If you have large animals such as horses, cattle, sheep, goats or pigs on your property, be sure to prepare before a disaster.
- Ensure all animals have some form of identification.
- Evacuate animals whenever possible. Map out primary and secondary routes in advance.
- Make available vehicles and trailers needed for transporting and supporting each type of animal. Also make available experienced handlers and drivers.
- Always perform routine maintenance on trailers and vehicles pulling trailers to prevent break downs or accidents during transport.
- Ensure destinations have food, water, veterinary care and handling equipment.
- If evacuation is not possible, animal owners must decide whether to move large animals to shelter or turn them outside.
Take extra time to observe livestock, looking for early signs of disease and injury. Severe cold-weather injuries or death primarily occur in the very young or in animals that are already debilitated.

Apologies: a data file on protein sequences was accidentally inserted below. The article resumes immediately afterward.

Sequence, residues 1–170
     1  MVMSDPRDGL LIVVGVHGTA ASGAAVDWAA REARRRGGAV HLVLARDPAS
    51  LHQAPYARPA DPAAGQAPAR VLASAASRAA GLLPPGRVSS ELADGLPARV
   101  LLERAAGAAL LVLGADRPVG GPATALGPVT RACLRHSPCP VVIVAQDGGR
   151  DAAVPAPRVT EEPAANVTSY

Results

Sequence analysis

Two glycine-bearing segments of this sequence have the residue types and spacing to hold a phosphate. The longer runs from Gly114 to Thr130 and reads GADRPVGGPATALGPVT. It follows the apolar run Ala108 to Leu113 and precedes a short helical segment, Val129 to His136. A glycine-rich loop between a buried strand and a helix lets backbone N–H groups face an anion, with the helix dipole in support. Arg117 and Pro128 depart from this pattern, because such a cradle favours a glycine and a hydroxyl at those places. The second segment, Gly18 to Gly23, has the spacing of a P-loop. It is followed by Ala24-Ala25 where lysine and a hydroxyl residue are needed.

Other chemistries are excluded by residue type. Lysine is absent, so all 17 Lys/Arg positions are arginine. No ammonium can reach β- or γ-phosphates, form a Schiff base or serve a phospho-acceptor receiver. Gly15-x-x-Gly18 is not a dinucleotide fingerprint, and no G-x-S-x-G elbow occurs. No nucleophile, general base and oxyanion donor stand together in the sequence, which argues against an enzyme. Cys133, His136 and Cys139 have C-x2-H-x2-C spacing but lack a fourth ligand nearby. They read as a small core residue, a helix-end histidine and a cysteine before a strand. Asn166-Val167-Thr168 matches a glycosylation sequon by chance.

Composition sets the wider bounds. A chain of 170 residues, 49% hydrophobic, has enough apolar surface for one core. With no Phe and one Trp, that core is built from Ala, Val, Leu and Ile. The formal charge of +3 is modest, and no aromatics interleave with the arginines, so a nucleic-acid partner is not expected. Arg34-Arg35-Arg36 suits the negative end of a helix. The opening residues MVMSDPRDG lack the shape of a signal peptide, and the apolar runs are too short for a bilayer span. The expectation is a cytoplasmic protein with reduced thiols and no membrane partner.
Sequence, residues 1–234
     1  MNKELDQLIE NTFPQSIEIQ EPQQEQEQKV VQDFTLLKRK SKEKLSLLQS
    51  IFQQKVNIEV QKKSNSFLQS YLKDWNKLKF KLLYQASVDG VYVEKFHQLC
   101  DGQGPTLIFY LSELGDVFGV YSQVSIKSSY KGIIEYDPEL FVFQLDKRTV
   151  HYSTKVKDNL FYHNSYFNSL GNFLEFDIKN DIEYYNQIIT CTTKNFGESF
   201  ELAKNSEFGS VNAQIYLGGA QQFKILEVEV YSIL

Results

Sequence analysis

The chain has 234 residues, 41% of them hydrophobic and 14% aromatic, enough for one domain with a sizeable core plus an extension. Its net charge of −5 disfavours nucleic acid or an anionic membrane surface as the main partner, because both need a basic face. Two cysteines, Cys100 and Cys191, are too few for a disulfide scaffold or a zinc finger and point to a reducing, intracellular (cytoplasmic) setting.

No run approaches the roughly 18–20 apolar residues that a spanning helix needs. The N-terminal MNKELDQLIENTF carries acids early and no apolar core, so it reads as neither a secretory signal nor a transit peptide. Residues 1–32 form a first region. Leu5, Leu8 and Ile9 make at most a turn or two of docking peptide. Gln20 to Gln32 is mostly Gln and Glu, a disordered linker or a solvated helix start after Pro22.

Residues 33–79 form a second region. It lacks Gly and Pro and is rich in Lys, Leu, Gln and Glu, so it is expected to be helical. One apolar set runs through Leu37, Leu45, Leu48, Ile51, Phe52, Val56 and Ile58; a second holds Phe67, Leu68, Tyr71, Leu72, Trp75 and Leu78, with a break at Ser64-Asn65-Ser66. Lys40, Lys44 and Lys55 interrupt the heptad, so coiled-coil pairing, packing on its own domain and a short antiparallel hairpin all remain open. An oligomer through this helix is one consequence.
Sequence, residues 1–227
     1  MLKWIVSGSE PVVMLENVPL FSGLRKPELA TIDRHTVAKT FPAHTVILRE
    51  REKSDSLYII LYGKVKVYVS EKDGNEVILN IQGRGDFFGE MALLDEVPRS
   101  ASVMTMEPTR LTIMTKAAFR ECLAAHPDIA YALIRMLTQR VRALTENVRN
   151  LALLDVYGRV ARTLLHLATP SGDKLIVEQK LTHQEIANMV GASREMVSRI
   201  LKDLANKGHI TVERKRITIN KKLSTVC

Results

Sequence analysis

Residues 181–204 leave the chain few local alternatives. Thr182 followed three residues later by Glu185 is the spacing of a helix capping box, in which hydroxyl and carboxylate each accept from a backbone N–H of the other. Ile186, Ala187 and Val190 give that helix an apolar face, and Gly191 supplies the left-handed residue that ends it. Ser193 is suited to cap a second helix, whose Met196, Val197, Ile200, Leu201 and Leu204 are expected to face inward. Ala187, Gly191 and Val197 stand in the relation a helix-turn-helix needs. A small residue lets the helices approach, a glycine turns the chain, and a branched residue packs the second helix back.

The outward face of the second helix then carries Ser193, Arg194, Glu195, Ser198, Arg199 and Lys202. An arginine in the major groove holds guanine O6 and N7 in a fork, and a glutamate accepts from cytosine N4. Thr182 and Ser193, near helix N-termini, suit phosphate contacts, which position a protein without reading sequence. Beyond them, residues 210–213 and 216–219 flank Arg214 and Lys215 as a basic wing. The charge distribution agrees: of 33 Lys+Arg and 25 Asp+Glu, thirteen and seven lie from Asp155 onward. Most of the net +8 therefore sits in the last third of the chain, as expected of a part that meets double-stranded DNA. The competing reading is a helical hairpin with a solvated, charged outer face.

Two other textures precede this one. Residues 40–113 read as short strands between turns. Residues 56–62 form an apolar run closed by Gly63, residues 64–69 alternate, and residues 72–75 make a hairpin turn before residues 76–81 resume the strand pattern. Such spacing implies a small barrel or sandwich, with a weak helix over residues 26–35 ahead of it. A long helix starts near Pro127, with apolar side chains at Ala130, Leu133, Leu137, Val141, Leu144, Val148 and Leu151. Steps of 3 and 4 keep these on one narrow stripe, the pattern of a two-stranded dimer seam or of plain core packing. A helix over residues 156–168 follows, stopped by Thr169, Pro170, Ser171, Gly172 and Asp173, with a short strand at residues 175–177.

Animals suffering from frostbite don’t exhibit pain. It may be up to two weeks before the injury becomes evident as the damaged tissue starts to slough away. At that point, the injury should be treated as an open wound and a veterinarian should be consulted.
Make sure your livestock has the following to help prevent cold-weather problems:
- Plenty of dry bedding to insulate vulnerable udders, genitals and legs from the frozen ground and frigid winds
- Windbreaks to keep animals safe from frigid conditions
- Plenty of food and water